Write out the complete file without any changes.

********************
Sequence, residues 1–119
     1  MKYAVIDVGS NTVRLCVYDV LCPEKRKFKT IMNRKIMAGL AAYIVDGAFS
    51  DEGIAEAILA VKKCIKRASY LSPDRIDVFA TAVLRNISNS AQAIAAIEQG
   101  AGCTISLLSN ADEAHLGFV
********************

Sequence, residues 1–119
     1  MKYAVIDVGS NTVRLCVYDV LCPEKRKFKT IMNRKIMAGL AAYIVDGAFS
    51  DEGIAEAILA VKKCIKRASY LSPDRIDVFA TAVLRNISNS AQAIAAIEQG
   101  AGCTISLLSN ADEAHLGFV